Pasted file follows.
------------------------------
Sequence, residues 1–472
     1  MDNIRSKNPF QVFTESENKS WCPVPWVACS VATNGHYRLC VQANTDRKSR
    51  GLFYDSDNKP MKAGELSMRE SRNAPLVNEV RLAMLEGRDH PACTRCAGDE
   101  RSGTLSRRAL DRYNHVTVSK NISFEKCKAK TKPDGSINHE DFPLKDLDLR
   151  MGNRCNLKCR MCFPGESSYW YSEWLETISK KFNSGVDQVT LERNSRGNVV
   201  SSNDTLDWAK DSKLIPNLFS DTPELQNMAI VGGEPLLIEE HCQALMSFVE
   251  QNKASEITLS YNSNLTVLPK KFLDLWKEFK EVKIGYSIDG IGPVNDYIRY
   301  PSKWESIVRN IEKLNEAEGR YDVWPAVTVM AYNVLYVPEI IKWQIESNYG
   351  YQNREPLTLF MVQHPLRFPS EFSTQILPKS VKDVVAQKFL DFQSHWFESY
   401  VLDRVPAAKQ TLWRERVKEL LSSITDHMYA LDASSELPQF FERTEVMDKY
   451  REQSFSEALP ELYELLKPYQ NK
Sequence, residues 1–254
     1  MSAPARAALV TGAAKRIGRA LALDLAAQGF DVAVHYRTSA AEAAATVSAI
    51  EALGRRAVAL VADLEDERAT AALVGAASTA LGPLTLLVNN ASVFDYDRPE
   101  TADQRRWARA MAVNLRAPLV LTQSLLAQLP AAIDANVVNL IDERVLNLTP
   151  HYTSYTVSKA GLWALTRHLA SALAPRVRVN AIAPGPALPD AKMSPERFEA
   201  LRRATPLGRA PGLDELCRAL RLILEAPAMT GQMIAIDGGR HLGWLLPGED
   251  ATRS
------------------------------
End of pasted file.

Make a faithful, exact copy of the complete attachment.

Sequence, residues 1–472
     1  MDNIRSKNPF QVFTESENKS WCPVPWVACS VATNGHYRLC VQANTDRKSR
    51  GLFYDSDNKP MKAGELSMRE SRNAPLVNEV RLAMLEGRDH PACTRCAGDE
   101  RSGTLSRRAL DRYNHVTVSK NISFEKCKAK TKPDGSINHE DFPLKDLDLR
   151  MGNRCNLKCR MCFPGESSYW YSEWLETISK KFNSGVDQVT LERNSRGNVV
   201  SSNDTLDWAK DSKLIPNLFS DTPELQNMAI VGGEPLLIEE HCQALMSFVE
   251  QNKASEITLS YNSNLTVLPK KFLDLWKEFK EVKIGYSIDG IGPVNDYIRY
   301  PSKWESIVRN IEKLNEAEGR YDVWPAVTVM AYNVLYVPEI IKWQIESNYG
   351  YQNREPLTLF MVQHPLRFPS EFSTQILPKS VKDVVAQKFL DFQSHWFESY
   401  VLDRVPAAKQ TLWRERVKEL LSSITDHMYA LDASSELPQF FERTEVMDKY
   451  REQSFSEALP ELYELLKPYQ NK
Sequence, residues 1–254
     1  MSAPARAALV TGAAKRIGRA LALDLAAQGF DVAVHYRTSA AEAAATVSAI
    51  EALGRRAVAL VADLEDERAT AALVGAASTA LGPLTLLVNN ASVFDYDRPE
   101  TADQRRWARA MAVNLRAPLV LTQSLLAQLP AAIDANVVNL IDERVLNLTP
   151  HYTSYTVSKA GLWALTRHLA SALAPRVRVN AIAPGPALPD AKMSPERFEA
   201  LRRATPLGRA PGLDELCRAL RLILEAPAMT GQMIAIDGGR HLGWLLPGED
   251  ATRS